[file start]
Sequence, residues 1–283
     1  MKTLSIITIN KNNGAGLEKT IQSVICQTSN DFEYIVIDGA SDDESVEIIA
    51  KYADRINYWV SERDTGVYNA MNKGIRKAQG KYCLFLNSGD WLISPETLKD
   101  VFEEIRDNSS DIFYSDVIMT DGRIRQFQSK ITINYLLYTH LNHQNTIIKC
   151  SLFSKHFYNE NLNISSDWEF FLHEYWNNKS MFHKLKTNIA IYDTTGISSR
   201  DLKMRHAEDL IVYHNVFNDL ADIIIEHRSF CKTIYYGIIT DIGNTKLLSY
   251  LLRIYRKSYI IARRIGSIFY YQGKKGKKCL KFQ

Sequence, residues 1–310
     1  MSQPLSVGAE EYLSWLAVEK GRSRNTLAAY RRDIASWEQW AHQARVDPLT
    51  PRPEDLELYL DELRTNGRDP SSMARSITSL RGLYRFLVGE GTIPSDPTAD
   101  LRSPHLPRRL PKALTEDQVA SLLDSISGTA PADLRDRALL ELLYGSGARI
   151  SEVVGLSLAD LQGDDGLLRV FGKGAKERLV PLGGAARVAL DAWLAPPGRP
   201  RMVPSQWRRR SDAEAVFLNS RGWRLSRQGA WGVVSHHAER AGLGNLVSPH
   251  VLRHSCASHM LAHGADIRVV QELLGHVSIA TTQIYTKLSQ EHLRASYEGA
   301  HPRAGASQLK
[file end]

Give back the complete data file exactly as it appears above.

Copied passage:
Sequence, residues 1–283
     1  MKTLSIITIN KNNGAGLEKT IQSVICQTSN DFEYIVIDGA SDDESVEIIA
    51  KYADRINYWV SERDTGVYNA MNKGIRKAQG KYCLFLNSGD WLISPETLKD
   101  VFEEIRDNSS DIFYSDVIMT DGRIRQFQSK ITINYLLYTH LNHQNTIIKC
   151  SLFSKHFYNE NLNISSDWEF FLHEYWNNKS MFHKLKTNIA IYDTTGISSR
   201  DLKMRHAEDL IVYHNVFNDL ADIIIEHRSF CKTIYYGIIT DIGNTKLLSY
   251  LLRIYRKSYI IARRIGSIFY YQGKKGKKCL KFQ

Sequence, residues 1–310
     1  MSQPLSVGAE EYLSWLAVEK GRSRNTLAAY RRDIASWEQW AHQARVDPLT
    51  PRPEDLELYL DELRTNGRDP SSMARSITSL RGLYRFLVGE GTIPSDPTAD
   101  LRSPHLPRRL PKALTEDQVA SLLDSISGTA PADLRDRALL ELLYGSGARI
   151  SEVVGLSLAD LQGDDGLLRV FGKGAKERLV PLGGAARVAL DAWLAPPGRP
   201  RMVPSQWRRR SDAEAVFLNS RGWRLSRQGA WGVVSHHAER AGLGNLVSPH
   251  VLRHSCASHM LAHGADIRVV QELLGHVSIA TTQIYTKLSQ EHLRASYEGA
   301  HPRAGASQLK